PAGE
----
I was asked to write a guest article for the Springfield Times, our local newspaper, which was published on March 10, 2016 –
I am 44 years old and I cannot remember a time when our culture has been more divided. We only seem to have perpetuated this “us” verses “them” mentality that continues to further separate us from one another – republican vs. democrat; gay vs. straight; Christian vs. Muslim; rich vs. poor; black vs. white; Duck vs. Beaver fans (kidding on that last one), etc. These polarizations are quite real today and the barriers to understanding “them” (whoever they may be) are higher than ever. There are sociological reasons for this as we tend to gravitate toward people who are just like us. Generally speaking, we have more in common with the people in our inner circle of friends than we have differences. While we find comfort and safety with those who tend to share our values and mindset, if we do not intentionally get to know and affirm others who are not in our circle, we will only remain suspicious, uncertain, fearful, and perhaps even angry with those outside of our circle.
The words of Jesus two thousand years ago are just as pertinent today as when He first spoke them. In the Gospel of John 13:34, Jesus said, “A new command I give you: Love one another.” These words might be familiar to us today, but we have to realize that this message was revolutionary in the first century when Jesus first uttered them. In a culture just as divided back then, if not more than today, no one was preaching about loving and accepting others who were “different” the way Jesus was. Within His own inner circle of twelve, Jesus had disciples who came from diverse socioeconomic and political backgrounds. Yet Jesus modeled love and acceptance and asked His followers to do the same.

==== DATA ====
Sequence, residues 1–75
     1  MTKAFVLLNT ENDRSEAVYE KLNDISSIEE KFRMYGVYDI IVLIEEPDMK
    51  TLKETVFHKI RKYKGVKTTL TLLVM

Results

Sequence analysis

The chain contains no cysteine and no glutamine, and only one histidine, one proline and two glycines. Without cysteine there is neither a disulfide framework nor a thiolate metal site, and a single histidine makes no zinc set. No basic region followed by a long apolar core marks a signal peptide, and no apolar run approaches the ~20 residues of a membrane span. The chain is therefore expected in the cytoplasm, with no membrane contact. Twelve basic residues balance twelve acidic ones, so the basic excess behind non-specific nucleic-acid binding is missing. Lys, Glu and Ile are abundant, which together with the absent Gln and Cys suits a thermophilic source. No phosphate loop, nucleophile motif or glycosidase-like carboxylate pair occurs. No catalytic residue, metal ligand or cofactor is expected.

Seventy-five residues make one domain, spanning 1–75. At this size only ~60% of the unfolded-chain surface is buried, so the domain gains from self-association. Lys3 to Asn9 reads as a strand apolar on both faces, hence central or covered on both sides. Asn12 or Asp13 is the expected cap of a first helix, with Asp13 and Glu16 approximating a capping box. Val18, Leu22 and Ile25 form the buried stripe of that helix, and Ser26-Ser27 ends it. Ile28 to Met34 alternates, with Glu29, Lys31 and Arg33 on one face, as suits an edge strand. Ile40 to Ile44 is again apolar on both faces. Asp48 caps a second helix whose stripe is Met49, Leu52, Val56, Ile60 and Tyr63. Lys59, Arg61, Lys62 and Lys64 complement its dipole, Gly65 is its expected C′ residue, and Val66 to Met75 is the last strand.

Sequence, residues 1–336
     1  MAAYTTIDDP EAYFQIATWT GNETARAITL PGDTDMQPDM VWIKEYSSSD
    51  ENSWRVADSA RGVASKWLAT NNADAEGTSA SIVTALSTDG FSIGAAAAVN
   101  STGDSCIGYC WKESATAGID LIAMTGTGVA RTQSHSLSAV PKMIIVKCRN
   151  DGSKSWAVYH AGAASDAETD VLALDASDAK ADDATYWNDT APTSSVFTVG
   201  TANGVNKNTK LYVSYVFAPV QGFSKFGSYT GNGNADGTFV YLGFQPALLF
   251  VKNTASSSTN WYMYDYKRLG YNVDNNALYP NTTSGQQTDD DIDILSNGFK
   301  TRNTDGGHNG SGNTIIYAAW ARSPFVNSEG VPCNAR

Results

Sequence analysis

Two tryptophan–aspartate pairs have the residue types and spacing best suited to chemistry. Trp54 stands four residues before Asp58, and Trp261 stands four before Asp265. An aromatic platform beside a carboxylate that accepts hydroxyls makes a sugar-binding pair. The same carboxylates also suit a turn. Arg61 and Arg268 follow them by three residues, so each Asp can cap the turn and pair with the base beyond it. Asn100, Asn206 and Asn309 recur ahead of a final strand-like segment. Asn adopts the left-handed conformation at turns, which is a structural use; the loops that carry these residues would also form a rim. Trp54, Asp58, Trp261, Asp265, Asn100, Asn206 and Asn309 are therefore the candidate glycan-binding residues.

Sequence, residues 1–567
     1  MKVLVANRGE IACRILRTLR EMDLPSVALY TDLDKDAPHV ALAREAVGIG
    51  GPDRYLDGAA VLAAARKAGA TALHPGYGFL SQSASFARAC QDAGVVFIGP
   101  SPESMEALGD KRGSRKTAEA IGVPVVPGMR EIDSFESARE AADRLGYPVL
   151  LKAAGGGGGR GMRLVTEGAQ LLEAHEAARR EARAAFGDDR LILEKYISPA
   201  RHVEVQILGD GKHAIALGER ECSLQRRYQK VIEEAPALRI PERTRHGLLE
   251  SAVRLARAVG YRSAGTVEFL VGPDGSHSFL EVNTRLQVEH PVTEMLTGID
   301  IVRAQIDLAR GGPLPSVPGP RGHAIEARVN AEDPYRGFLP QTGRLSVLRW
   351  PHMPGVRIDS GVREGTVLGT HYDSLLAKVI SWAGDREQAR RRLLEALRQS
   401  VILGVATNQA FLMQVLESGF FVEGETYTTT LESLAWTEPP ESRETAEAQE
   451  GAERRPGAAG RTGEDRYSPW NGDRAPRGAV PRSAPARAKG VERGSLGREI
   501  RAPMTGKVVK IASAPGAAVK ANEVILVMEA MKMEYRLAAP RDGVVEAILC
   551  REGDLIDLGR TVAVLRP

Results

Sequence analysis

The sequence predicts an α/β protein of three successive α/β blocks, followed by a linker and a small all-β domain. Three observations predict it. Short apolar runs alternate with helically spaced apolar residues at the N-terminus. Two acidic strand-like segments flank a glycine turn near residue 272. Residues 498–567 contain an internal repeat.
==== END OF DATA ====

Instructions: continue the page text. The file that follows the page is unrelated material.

The beauty of this teaching of Jesus is in its universality. Not only should followers of Jesus embody this ideal, but even non-religious people can. Truth be told, sometimes non-religious people embody this ethic better than religious people. But I did it again as I set up another dichotomy – religious vs. non-religious people. It’s such a part of who we are and what we do that we almost can’t help but to label people. Labels are not inherently bad, but if labels keep us from loving one another, then they become counterproductive. As a father, a pastor, and as one who strives to grow as a person and follower of Jesus every single day, I’m teaching my kids, my congregation, and myself to seek to embody this love ethic of Jesus. May we truly learn to love one another; loving all people without preconceived biases and partiality.
John M. Hanna